How the world’s third oldest airline modernized its parts supply chain
If you’ve flown on a plane more than once, you have probably experienced a flight delay. That’s not hyperbole, that’s math. In the US, 40% of flights arrive after they are scheduled to land. Even if you only count flights that are delayed more than 15 minutes, one in five flights are late. That’s not a great track record.
Do you know what the number one cause of flight delays is? Your first guess is probably “weather,” but in fact, the airlines themselves are responsible for the majority of delayed flights.
These delays can stem from a number of causes, including computer problems and mechanical issues. And of course, when one flight is delayed, it has a cascading effect across the schedule for the rest of the day and sometimes into the next.
Flight delays are a serious annoyance for travelers and airlines alike. They are also really expensive. According to one study, missed connections, flight delays, and cancellations cost US passengers $16 billion a year, for an average of $37 per hour per passenger. The cost to the airlines themselves is $8.3 billion a year. And that’s just in the United States. Globally, delayed flights costs airlines as much as $25 billion a year.
The Qantas Airways story
Three years ago, the survival of the world’s third oldest airline was in doubt. Qantas Airways is Australia’s biggest air carrier. It accounts for two-thirds of Australia’s domestic air travel. Qantas also serves 15% of Australia’s international travelers. Australians rely on Qantas to get them where they need to go. The company reported a loss of nearly $3 billion (AUD) in 2014.
Qantas knew that it had to find a way to reduce costs as quickly as it could. The company also knew that its parts inventory management was costing more than it should, so they turned to PTC for help modernizing its parts supply chain.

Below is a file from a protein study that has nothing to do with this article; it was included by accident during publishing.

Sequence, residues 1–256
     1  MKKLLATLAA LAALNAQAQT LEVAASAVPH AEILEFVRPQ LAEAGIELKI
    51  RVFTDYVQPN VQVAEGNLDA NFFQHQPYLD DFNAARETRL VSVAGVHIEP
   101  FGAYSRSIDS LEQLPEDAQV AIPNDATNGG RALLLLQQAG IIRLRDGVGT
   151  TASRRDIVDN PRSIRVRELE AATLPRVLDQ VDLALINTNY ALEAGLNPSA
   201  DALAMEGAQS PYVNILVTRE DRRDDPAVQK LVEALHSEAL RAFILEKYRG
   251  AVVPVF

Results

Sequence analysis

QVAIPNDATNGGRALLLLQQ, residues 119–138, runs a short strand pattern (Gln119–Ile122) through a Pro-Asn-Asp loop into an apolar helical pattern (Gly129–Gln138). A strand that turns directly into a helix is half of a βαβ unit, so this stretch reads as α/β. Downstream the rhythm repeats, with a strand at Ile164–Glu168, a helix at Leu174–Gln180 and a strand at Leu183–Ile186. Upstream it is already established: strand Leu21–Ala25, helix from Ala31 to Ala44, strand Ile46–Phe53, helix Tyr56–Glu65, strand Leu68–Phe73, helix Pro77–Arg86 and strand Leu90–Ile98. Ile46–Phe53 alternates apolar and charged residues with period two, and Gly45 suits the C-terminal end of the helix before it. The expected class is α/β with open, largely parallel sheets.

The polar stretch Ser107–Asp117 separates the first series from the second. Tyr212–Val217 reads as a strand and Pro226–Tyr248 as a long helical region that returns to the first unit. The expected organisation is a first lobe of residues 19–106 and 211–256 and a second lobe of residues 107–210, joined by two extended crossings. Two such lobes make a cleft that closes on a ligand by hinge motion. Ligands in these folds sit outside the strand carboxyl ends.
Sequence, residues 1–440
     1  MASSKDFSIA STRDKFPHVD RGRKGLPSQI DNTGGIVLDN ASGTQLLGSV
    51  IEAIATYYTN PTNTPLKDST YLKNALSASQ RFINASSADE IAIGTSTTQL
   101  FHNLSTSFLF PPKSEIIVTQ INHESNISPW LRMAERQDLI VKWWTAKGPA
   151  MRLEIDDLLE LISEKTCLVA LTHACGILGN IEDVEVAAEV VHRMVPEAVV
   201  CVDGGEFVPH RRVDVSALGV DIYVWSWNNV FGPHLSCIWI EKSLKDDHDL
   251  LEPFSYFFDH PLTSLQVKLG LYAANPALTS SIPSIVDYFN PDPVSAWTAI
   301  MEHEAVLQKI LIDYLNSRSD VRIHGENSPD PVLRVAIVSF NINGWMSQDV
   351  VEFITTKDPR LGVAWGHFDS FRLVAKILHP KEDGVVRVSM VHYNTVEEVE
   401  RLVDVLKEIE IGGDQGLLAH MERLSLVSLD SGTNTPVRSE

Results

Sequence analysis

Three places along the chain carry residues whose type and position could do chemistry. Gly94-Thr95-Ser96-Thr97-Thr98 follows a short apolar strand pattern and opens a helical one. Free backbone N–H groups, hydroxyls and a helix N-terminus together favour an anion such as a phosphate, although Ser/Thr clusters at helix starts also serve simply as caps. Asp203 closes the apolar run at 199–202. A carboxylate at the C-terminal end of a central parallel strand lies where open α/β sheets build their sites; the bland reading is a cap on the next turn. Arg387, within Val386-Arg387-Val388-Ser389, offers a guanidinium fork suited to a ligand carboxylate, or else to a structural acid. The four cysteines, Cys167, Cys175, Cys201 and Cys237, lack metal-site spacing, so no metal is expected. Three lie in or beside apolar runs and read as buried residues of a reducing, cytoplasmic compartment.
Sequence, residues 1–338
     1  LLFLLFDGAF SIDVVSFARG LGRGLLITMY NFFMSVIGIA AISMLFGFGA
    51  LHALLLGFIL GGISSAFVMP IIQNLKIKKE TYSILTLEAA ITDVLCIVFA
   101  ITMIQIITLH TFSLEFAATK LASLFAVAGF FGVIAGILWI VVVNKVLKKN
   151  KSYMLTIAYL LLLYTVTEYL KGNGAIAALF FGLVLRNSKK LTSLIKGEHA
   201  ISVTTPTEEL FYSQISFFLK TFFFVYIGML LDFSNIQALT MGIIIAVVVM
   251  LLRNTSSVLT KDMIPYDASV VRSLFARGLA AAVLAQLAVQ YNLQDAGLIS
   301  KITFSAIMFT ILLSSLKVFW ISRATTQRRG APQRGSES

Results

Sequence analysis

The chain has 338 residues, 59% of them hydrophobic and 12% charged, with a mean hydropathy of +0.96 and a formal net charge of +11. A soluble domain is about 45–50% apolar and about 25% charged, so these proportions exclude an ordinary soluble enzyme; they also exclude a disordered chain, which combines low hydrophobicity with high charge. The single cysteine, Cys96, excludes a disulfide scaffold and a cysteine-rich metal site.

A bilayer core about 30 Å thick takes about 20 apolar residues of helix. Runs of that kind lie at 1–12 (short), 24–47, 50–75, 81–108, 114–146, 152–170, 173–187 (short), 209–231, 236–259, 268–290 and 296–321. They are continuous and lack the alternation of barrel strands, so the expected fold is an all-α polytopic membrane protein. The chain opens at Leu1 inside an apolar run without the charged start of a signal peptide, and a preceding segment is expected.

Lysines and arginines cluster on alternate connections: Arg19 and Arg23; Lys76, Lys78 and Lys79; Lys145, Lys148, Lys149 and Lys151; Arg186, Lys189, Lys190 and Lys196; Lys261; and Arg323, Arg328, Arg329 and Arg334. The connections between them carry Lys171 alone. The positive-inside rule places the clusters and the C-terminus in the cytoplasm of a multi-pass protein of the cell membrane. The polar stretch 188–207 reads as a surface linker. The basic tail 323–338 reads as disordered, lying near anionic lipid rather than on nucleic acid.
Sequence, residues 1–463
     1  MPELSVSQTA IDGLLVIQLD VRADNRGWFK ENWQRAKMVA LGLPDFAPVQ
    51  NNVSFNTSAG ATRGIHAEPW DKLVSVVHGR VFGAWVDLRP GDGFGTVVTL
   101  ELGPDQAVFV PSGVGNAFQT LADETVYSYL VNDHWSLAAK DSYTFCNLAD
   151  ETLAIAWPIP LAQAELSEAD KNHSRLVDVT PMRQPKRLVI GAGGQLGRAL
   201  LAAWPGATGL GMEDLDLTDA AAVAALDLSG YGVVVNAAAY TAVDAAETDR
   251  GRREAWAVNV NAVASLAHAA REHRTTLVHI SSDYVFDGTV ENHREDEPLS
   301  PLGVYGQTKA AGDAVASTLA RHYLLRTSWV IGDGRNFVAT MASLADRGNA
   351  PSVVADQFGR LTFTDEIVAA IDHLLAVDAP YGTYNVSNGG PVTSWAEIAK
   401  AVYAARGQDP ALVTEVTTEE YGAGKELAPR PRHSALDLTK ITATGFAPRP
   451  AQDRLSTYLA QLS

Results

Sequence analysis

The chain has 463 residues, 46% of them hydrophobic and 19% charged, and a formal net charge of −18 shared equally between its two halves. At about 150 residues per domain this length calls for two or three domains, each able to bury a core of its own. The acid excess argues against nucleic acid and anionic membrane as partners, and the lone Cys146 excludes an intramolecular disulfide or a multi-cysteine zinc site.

With 70 stock locations, 28,000 components part numbers and 60,000 expendables part numbers, Qantas began the project with a huge amount of data to organize and analyze. PTC worked with Qantas for more than a year to implement a Service Parts Management solution. How did it go? Rick Fraccaro, Qantas Engineering Head of Supply Chain, says it was one of the smoothest software launches he had ever experienced in his time there. Check out our case study to learn more about how PTC and Qantas worked together to optimize their inventory and minimize their costs.
As a result of implementing PTC’s Service Parts Management solution, Qantas has been able to reduce inventory on hand without sacrificing parts availability, which is critical in a business as time-sensitive as theirs. Better service parts management has meant that Qantas can reduce costs. And it can also cut down on the number of times its customers are sitting in the airport waiting for a replacement part to arrive so their plane can take off.
Learn more about the Qantas Service Parts Management story.
Qantas just didn’t implement a better software system. They also helped their employees learn how to use inventory data to create product configurations and model probabilistic maintenance bills of materials. Can your company make the kinds of improvements that Qantas has achieved with Service Parts Management? Read the Qantas case study to find out
Bradley Rhoton is a Market Development Manager with PTC specializing in client engagement. He works closely with thought leaders at PTC’s most strategic clients to capture and promote their success stories. He enjoys exploring how OEM’s navigate the Service Journey and transform by leveraging emerging technologies. Bradley has a deep knowledge of Service Lifecycle Management technologies, the Internet of Things and Digital Service strategies.